We don’t talk much about the behind the scenes stuff in the NFL, but sometimes it bears commenting on. We got this note today from Westside Rob. Some of you may remember his plight with his news seats at the Luke. Here’s what he writes now:Thanks for sharing, Rob.
I just had to share this with you
The people that run the non-football
operational side of the Colts are just not very good. I’ve shared before how
totally cold, unsympathetic and, almost rude they were last year when we got our
new seat assignments at the Luke. Well, the person that bought out our tickets
this past season decided to pass this year, and with no time to deal with
finding someone new; we decided not to renew our seats this year.
My ticket rep who I’ve talked with
many times in the past just called, and asked if I was going to renew (the
deadline had passed). I told her that I wasn’t (I figured someone already on
the waiting list who had to fork over money to the Colts deserved them more than
somebody I came across that hadn’t done that). She said, “OK we were just
confirming” and that was it. We’ve been ticket holders since day 1, I’ve
personally had these 2 seats since 1996 (added next to where my Dad’s original
seats were), and I didn’t even get a: “We’re sorry you are not renewing” or even
a marketing type of question of “We’d love to know why you aren’t renewing”.
The Colts (at least the Admin side)
could really care less about their fan base, they’ve made that perfectly clear
to my family. I love this team and its players but man the business side of
this makes you really question the “emotional investment” that we all put in. I
know we say and the players say all the time: “It’s business, not personal” but
at least they are getting paid, we actually have to pay to be fans (Tickets,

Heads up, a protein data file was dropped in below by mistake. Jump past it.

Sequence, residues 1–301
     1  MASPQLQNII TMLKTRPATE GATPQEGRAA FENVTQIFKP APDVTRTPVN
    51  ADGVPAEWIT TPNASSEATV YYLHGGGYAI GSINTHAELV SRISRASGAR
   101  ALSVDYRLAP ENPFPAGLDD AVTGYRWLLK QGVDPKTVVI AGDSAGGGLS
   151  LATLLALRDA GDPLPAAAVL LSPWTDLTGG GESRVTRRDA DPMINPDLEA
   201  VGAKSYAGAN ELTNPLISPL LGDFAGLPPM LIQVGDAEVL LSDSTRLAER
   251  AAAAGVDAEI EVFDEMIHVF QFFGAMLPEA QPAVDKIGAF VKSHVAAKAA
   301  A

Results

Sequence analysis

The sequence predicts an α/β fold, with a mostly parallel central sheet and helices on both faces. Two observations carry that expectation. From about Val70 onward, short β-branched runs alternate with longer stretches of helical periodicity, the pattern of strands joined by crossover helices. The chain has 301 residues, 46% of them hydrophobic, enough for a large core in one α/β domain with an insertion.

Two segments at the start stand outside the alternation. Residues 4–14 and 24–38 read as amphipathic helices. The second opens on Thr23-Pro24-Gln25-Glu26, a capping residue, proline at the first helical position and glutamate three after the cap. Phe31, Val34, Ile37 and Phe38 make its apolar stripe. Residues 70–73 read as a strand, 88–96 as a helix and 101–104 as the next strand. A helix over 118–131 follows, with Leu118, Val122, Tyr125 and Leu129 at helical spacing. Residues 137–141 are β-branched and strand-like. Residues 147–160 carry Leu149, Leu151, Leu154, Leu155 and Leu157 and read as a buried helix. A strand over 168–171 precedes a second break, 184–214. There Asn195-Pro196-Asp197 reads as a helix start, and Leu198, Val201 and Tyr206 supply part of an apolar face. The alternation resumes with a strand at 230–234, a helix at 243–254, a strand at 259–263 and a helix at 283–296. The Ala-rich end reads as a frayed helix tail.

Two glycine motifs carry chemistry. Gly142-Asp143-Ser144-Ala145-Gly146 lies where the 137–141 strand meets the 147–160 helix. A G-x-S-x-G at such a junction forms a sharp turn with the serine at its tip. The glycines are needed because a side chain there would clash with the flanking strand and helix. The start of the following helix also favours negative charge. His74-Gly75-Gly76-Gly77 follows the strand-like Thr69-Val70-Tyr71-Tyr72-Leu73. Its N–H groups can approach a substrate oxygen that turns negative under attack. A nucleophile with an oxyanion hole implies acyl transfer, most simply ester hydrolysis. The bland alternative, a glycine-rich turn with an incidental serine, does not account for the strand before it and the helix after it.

Taxes, etc.) I feel like some of the joy of being a Colts fan has now passed
out of me. I’m less inclined to “induce” my kids to be big Colts fans.
I know that the NFL is riding high
right now, but EVERYTHING changes. NO ONE would have predicted the fall of
baseball in America yet it did happen. Baseball is at best the #2 sport in
America but even at #2 it’s a very distant #2. That same fall could happen to
the NFL, they shouldn’t take it for granted. In Indy, the Pacers were the top
dogs in the 90′s, now everyone in town seems to be saying tough luck if your
losing money, we are no longer going to subsidized your team. The Colts will
eventually be a bad team again, perhaps if they stay bad for a while they’ll
have trouble selling tickets. When that happens and the Colts call me like the
Pacers did 3 seasons after I dropped my Pacer season tickets, they’ll get an
even bigger earful than I gave the Pacers.
I reprint this for several reasons:
1. Rob is correct. The Colts owe him at least a polite goodbye. He got
screwed on the seat thing. The team said there was nothing they could
do. That’s all fine. They could at least say, “I’m sorry you feel
that way”, or “I wish we could have done more for you”. A little
common courtesy goes a long way. Manning and Polian won’t be around to